Surveying the overgrown, supposedly haunted ruins, Edith imagined her 19-year-old great-grandmother, stricken with smallpox and imprisoned behind the granite hospital walls.  

            “Left to die without her child. It must’ve been terrifying,” Edith whispered to the sobbing girl beside her. “But haunted? Nonsense.”

            “Iz es itst, grandoter?”

            Edith whipped around in time to see Great-Grandma Edith, pockmarked cheeks wet with tears, vanish like smoke through a keyhole.

 

CLICK

 

Note – The translation for the Yiddish is “Is it now, Granddaughter?”

23 June 2017

Published June 21, 2017 by rochellewisoff

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The next photo is the PROMPT. Remember, all photos are property of the photographer, donated for use in Friday Fictioneers only. They shouldn’t be used for any other purpose without express permission. It is proper etiquette to give the contributor credit. 

PHOTO PROMPT © Ted Strutz

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Genre: Speculatively Historical Fiction

Word Count: 100

DESIGNATION

 

 Slow moving traffic and gray skies contributed to Ted’s equally gray mood. The rhythmic thump and swish of windshield wipers lulled him.

            He had almost drifted off when banging on his passenger-side window startled him. Leaning over, he opened the door.

            “Mahalo, hoaloha. I must get back to my sheep near the harbor.”

            “Friday Harbor?” Ted stared at the stranger’s crescent-shaped eyes and old fashion clothing. “Where’re you from?”

            “Hawaii, but I work for Fort Cowitz.”

            “They shut down in 1869. What’s your name?”

            “Poalima. ‘Friday’ in English.”

            A horn’s blast made Ted jump and the stranger vanished like steam.  

*

*

*

Mahalo, hoaloha – thank you, friend.

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QUEEN OF THE ILLYRIAN SEA

Published April 9, 2017 by rochellewisoff

Today Pegman takes us to Dubrovnik, Croatia.

Feel free to stroll around the area using the Google street view and grab any picture you choose to include in your post.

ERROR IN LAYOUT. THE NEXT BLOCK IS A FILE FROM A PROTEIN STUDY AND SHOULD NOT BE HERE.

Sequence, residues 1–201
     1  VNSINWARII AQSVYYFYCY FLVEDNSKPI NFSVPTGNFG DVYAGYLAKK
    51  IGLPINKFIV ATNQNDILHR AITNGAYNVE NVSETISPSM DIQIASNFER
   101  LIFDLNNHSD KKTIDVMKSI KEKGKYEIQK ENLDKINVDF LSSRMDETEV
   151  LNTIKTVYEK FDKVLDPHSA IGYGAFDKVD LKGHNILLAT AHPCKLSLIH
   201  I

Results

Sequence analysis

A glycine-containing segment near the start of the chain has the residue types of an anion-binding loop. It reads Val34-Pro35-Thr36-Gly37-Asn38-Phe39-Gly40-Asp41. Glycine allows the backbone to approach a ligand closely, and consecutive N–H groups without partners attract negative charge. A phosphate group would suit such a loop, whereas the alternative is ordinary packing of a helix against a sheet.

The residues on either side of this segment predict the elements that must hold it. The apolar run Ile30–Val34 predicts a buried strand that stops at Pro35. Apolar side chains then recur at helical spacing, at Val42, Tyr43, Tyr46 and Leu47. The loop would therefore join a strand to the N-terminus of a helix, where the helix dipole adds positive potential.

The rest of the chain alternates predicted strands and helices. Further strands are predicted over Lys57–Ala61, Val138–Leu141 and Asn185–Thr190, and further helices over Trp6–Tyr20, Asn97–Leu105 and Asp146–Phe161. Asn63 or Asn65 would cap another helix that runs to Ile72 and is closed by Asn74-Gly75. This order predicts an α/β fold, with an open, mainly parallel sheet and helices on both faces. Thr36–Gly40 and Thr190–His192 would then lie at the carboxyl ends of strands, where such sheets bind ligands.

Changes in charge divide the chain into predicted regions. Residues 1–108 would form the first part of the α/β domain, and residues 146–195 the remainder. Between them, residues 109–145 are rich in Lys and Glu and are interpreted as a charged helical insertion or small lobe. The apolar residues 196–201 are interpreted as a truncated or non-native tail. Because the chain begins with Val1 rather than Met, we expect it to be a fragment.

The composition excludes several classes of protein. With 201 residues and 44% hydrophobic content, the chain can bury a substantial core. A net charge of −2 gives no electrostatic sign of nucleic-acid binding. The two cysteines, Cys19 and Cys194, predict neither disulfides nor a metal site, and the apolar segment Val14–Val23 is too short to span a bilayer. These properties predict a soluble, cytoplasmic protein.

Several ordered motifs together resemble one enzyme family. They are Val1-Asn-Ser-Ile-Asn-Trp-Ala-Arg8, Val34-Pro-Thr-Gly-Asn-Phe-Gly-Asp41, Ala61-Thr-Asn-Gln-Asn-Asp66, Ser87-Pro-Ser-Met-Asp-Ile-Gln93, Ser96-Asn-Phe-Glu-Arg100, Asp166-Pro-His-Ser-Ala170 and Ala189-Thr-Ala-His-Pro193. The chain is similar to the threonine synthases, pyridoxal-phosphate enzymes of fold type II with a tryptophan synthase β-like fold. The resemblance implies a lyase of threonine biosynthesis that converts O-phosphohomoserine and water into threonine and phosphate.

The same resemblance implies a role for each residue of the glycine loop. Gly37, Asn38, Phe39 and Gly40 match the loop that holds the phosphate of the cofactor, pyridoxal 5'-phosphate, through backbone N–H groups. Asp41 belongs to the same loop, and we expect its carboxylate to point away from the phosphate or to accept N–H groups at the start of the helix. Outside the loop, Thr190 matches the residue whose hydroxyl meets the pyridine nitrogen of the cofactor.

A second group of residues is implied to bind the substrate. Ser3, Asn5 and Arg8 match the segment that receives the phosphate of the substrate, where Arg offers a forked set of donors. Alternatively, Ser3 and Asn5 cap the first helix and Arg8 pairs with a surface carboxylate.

To enjoy stories inspired by the What Pegman Saw prompt or to submit your own 150-word story, visit the inLinkz button:

For guidelines and rules for the What Pegman Saw weekly writing prompt, visit the home page.

Many thanks to Karen Rawson and her highly significant other J Hardy Carroll for hosting this refreshing prompt challenge.

Below is my prompt of choice. 🙂

Word Count: 150

Genre: Speculative Fiction

QUEEN OF THE ILLYRIAN SEA

            The sea laps against the shores of former Ragusa, Yugoslavia, now Dubrovnik, Croatia.

            In the words of exiled sixteenth century Portuguese poet, Yeshaya Cohen, “If I had to find a peaceful place to rest in my old age, above any other city I would fancy only Ragusa.”

            Although it sounds boastful, I must tell you I have survived two earthquakes and several major wars.

            Torah scrolls within my Holy Ark, Moshe Rabaynu’s words inscribed on lamb skin, are centuries old. A handful of the faithful still worship the God of Avraham, Yitzhak, and Ya’akov within my formidable 700-year-old walls.

            Humans can’t see my tears, but I’ve shed many. They seeped between the stones and juddered my walls when I helplessly watched beloved Rabbi Baruch being taken captive by swastika-ed guards. Babes in arms perished with him on the Island of Rab.

            Despite harassment and persecution, like my people, I stand.  

 

Inquiring minds click here. 

8 July 2016

Published July 6, 2016 by rochellewisoff

Summer Showcase

Summer is the time for vacations, picnics on the beach and reruns on the telly. For me it’s a time to meet a deadline in July for my third novel in my series entitled AS ONE MUST ONE CAN. Many thanks to those of you who responded to my plea for your favorite reruns. 

Phriday Phictioneers Phone

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Pane iced Banner

The following photo is the PROMPT. This week’s retread request is from Sandra Crook. If you’re one of those who wrote a story for this prompt feel free to re-post it and enjoy the respite. Remember that all photos are private property and subject to copyright. Use other than Friday Fictioneers by permission only. 

 

PHOTO PROMPT © Jan Marler Morrill

PHOTO PROMPT © Jan Marler Morrill

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Genre: Speculative Fiction

Word Count: 100

This story is from the week of 12 October 2012 when Madison was still Chief Fictioneer.

EIRONEIA

            Summer 1969, an American sailor stationed in Greece, I went on leave to Santorini.

In Pyrgos, I met sable-eyed Melina.

We drank each other. Her fragrant breasts welcomed me home.

“Marry me,” I whispered.

“I can’t.”

After that I never saw her again.

Summer 2010, I returned to Pyrgos.

On the street I stopped a silver-haired woman. “Melina Dimitri? Do you know her?”